“Eye of the Beholder”
Writers: Scott Peterson, Kelley Jones
Artists: Kelley Jones, Michelle Madsen, Bob Leigh
Batman has one of comic’s most impressive rogue galleries. To most people, they know of Joker as being his most popular. He’s the villain in the lineup that has arguably shown up the most in the popular culture for Batman. Having served as an antagonist for Batman ’89, Batman: TAS, the Arkham games, Mask of the Phantasm, The Dark Knight and countless comic arcs. Batman is more than the clown prince of crime. In fact, probably one of his fiercest foes, and most relatable for that fact, is the scarecrow. After all who doesn’t live without fear?
Scarecrow is slated to be the main antagonist for this new series from Kelley Jones & Scott Peterson, Batman: Kings of Fear. The end of the first entry, Batman is experiencing a run in with the villain. Here he is sprayed with Crane’s famous feat toxin. Batman: Kings of Fear #2 experiences Batman’s after effects and picks up where its predecessor left off.
THE POWER OF HONESTY
Honestly, the first third or so of this book is going through some amazing sequences of his fear. Allowing us to see Batman engage with his rogue gallery, including Two-Face, Bane & more, all within the matter of a couple of pages. The transition out of fear back to reality is one that really does leave you in awe. This sequence allows not only Jones to shine with the art but also Peterson to explore a rarity we see with the dark knight – his vulnerability.
Throughout Kings of Fear #2‘s duration, Batman is essentially looking to hunt down an Arkham employee for answers. I’m sure in the grand scheme of things, this does play out to the larger narrative. It doesn’t work well really as a stand alone issue though.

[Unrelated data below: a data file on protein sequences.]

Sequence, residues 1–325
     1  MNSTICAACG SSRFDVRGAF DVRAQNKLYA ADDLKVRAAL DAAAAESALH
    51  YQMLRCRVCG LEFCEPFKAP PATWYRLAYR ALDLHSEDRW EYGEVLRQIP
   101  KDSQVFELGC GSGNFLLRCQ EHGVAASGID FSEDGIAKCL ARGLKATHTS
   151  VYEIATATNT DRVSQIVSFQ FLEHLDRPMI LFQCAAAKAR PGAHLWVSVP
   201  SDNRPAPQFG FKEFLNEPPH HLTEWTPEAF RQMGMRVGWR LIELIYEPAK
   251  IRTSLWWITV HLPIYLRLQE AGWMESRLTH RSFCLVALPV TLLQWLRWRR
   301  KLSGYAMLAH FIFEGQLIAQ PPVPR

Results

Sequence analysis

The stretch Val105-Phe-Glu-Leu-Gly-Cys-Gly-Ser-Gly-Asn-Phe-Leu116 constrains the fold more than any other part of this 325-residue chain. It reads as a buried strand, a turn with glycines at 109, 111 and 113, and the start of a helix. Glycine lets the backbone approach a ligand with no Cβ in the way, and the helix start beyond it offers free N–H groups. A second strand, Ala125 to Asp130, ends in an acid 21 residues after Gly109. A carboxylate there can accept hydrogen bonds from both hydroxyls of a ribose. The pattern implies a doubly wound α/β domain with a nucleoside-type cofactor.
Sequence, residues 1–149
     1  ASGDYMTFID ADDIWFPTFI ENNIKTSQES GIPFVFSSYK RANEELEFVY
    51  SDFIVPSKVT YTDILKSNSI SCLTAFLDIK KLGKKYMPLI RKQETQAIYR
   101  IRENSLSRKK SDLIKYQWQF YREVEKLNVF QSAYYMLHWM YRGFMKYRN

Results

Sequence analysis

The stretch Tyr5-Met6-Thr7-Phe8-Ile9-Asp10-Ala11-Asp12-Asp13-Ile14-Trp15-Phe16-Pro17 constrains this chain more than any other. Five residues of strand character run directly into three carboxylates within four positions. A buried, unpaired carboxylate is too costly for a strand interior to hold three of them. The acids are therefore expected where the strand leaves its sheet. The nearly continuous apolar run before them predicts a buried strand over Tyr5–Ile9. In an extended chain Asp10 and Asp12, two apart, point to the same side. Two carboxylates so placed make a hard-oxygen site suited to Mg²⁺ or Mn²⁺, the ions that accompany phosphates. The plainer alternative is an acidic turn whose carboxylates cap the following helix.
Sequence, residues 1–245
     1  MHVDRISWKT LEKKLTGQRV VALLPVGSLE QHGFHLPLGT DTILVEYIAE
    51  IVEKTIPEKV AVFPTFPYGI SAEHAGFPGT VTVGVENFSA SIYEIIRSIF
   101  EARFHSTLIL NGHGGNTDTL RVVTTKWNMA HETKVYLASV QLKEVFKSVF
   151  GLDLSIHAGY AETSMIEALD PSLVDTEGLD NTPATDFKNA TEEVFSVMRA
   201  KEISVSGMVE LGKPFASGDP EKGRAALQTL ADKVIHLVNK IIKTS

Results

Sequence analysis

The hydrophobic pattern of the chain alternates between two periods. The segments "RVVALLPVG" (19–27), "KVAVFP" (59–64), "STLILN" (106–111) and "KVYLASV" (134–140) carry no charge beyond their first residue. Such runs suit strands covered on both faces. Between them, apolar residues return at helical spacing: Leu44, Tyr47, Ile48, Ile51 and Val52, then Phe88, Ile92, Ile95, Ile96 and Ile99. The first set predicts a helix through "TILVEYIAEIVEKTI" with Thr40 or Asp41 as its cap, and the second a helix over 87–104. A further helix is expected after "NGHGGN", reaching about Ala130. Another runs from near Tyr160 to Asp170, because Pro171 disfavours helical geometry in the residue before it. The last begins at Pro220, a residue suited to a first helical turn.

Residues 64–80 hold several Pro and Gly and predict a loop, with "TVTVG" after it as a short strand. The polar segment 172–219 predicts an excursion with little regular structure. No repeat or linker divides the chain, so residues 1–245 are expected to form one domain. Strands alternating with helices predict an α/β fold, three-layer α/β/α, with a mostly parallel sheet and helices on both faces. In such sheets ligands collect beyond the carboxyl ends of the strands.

For some reason in the midst of his hunt, Batman interrupts a gang war. Literally has no purpose that we see in this issue. Except to maybe point out that Batman is a hero and he’ll do whatever necessary to keep peace. Outside of that reasoning, there is no purpose.
Overall, Batman: Kings of Fear #2, has some solid art pieces and action sequences. It paints Batman in a vulnerable light, which is something that is few and far between for the character. Though, it’s also equally filled with plot devices that just don’t make sense. It suffers from the same curse as the first issue – bit too much filler. Though what we do have does keep you wanting more. Here’s hoping it pays off.
FINAL SCORE: 7.5 / 10
More importantly, if you or someone you know is struggling with suicide, depression, self-harm or addiction, please feel free to reach out, use any of our resources, call the suicide life line: 1-800-273-8255 or text 741-741.
Credits: Batman: Kings of Fear images are property of DC Comics. We do not own nor claim any rights to them.
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